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  •   Friedman, Billings & Jackpot

    By Jerry Knight
    Washington Post Staff Writer
    Wednesday, November 5, 1997; Page C09

    For the past couple of years, the talk of the Washington investment community has been about how fast Friedman, Billings, Ramsey Group Inc. of Arlington has grown and how much money the three founders of the investment banking boutique have made.

    Now that the firm, which has expanded by managing initial public offerings for other rapidly growing companies, has decided to sell some of its own stock to the public, speculation about the firm's spectacular growth has been replaced by hard data.

    Since it was founded in 1989, FBR has averaged a blistering 48 percent annual growth rate, with this year's revenue running 166 percent ahead of last year's, at $178 million for the first 10 months of the year, the company's stock offering prospectus filed with the Securities and Exchange Commission shows.

    And founders Emanuel J. Friedman, Eric F. Billings and W. Russell Ramsey each took home $3,409,122 last year with identical $600,000 salaries and $2,809,122 bonuses, according to the document.

    This year, the founders and other FBR professionals whose bonuses are linked directly to the firm's revenue are making really big money.

    The documents don't specify how much individual partners are drawing this year, but they do show that total salaries, bonuses and benefits paid by the firm jumped 238 percent, from $33.3 million to $112.5 million, for the first 10 months of the year compared with the first 10 months of 1996.

    The big escalation in payouts came as FBR's investment banking and corporate finance revenue ballooned from $35 million to $142 million for the 10-month periods, boosting revenue from $66.8 million to $178 million and pushing profit from $11 million to $20.4 million.

    By selling stock now, FBR is trying to cash in on the hot stock market that has enabled the company to prosper dramatically, even by the standards of the booming investment business.

    "Unless we get a big surprise, this will probably be a record year for brokerage industry earnings," said Michael A. Flanagan, a researcher who follows stocks of Wall Street firms for Financial Service Analytics of Fort Washington, Pa.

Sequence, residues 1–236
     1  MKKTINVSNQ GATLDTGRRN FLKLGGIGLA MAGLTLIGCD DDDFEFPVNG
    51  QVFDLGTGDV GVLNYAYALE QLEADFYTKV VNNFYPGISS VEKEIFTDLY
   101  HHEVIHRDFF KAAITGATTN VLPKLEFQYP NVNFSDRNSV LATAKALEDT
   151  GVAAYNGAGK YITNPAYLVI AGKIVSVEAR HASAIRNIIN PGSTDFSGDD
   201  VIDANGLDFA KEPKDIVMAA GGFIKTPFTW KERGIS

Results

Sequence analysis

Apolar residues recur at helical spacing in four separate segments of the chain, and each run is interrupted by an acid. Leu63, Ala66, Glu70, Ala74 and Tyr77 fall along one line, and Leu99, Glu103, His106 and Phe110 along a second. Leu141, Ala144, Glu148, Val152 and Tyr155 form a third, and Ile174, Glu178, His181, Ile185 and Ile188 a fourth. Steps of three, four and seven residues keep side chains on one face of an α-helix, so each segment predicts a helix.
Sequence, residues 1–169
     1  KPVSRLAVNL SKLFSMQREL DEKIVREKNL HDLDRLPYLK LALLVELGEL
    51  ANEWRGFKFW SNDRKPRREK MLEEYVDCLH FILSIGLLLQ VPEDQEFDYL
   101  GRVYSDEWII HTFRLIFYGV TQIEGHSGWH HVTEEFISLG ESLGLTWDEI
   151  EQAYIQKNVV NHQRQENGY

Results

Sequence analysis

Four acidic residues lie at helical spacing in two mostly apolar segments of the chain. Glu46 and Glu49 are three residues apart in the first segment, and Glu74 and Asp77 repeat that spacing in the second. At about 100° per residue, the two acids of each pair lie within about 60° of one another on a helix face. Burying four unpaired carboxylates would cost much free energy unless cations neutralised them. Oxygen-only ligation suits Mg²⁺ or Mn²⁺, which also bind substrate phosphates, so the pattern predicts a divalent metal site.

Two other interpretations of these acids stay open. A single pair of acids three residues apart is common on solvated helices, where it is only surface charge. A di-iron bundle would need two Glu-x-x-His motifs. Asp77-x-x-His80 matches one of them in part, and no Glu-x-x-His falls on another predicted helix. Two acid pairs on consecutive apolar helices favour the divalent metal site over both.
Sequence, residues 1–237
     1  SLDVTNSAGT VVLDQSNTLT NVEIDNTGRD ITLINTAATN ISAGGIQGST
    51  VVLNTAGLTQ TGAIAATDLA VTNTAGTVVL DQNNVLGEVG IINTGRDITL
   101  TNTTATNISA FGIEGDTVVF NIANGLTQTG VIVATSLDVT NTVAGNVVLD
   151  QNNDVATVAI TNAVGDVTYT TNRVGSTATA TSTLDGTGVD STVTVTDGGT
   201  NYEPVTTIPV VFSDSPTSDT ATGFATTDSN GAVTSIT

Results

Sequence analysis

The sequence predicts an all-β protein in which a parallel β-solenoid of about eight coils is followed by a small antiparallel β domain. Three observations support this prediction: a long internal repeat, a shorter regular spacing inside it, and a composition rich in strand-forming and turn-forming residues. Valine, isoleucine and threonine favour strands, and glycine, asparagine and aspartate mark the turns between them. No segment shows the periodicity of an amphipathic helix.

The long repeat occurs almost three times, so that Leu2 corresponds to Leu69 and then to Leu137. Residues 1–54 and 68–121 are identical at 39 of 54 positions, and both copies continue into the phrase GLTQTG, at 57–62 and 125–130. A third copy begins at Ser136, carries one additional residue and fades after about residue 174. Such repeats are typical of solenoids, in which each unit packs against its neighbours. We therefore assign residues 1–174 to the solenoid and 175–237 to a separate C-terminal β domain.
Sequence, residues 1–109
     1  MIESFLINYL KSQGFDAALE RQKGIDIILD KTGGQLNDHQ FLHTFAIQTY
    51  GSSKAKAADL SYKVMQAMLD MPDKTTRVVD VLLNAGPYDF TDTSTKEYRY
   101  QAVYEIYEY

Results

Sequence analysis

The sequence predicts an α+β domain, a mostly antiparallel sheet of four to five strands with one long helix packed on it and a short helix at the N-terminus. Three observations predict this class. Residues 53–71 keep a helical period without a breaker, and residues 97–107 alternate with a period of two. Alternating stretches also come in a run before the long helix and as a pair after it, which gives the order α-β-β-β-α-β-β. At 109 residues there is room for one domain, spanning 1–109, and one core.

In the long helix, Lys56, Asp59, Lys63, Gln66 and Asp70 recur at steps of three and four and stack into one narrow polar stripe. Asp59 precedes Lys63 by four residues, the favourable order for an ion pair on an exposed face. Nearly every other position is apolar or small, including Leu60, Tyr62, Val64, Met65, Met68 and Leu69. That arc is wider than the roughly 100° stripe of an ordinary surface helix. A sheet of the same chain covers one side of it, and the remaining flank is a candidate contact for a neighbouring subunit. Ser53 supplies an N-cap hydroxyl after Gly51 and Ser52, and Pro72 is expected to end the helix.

With the stock market still chugging along even after recent pullbacks, and with IPOs on their way to their biggest year ever, "we're looking at optimal conditions for the industry, especially for underwriters," Flanagan said.

    While the record-setting IPO market makes this a good time for a company like FBR to be selling stock, he added, it "raises questions about whether it's a good time to be buying."

    "It's highly unlikely that the industry's record momentum will carry through much of 1998," he said. "We haven't seen conditions this strong before. It's really anybody's guess how long that will last."

    If the stock market turns down, "the underwriting business will be one of the first things to go," Flanagan said.

    But for now, the IPO business is booming. Including its own offerings, FBR could sell upward of $1 billion worth of new stock by the end of the year, on top of the $1.3 billion the firm had underwritten as of its last deal on Oct. 17. By that date, FBR's IPO volume for the year ranked fourth among all underwriters, behind Goldman, Sachs & Co., Merrill Lynch & Co. and Morgan Stanley & Co.

    The company's rapid growth has come not only from its burgeoning underwriting business but also from three mutual funds that it started a few weeks ago, an expansion of its research department to three dozen analysts and an expansion of its money management operations.

    All are people-intensive businesses in which employee compensation is the biggest expense. The 63 percent of revenue that FBR pays out in compensation is not out of line by industry standards, Wall Street professionals said.